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Monday 1st October 2012 | 22:00
by Paul Waugh
Ed Miliband will use his keynote conference speech tomorrow (Tuesday) to unveil education and apprenticeship reforms aimed at helping the “forgotten 50 per cent” of British youngsters who don’t go to university.
In what aides are describing as his most ‘personal’ ever speech, the Labour leader will also draw on his upbringing as a pupil at a comprehensive school and the son of Jewish refugees.
Mr Miliband will declare that too long both major parties have focused too heavily on just those young people who go to university while ignoring the plight of the 50% who do not go on to higher education.
Among the key changes would be a requirement that all pupils and students study English and Maths to the age of 18 even if they are on a vocational course. A new ‘Tech Bacc’ or Technical Baccalaureate would be introduced.
In what he described as a radical shake-up of the education system, he will announce a Labour government would hand control of £1bn in skills funding to businesses to improve standards of apprenticeships and training.
Mr Miliband will outline how Labour would offer:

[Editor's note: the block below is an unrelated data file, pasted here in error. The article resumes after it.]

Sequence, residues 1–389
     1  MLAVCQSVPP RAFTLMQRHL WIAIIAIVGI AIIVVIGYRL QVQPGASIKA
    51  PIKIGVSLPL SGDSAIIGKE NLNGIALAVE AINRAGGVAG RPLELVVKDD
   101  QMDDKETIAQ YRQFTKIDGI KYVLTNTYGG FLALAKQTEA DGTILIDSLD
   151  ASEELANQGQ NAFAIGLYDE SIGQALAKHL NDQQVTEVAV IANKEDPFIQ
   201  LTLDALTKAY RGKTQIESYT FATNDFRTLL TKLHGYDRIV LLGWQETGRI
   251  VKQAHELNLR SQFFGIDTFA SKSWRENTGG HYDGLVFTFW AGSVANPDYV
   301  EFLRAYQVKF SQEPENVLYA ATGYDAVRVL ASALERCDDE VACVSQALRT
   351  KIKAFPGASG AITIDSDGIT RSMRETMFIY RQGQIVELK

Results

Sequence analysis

* offer a clear vocational route to a gold standard qualification at 18 called a Technical Baccalaureate
* insist that all young people study English and Maths to 18 as a strict condition for the award of Tech Baccs
* involve business in the design of vocational qualifications while ensuring anyone studying for a Tech Bacc successfully complete a programme of work experience
* give business control over the state-run Skills Funding Agency funding of £1 billion to spend on apprenticeships as well as more say in setting the standards for qualifications
* ensure groups of larger businesses – coming together in regions, sectors and supply chains – have the powers they need to deliver the increased number of apprenticeships Britain needs to rebuild. These bodies will work with employees, unions and training providers.
* introduce a new Fast Track for apprentices, matching the Fast Stream for graduates, into the civil service
* require all contractors procured by Government to run apprenticeship schemes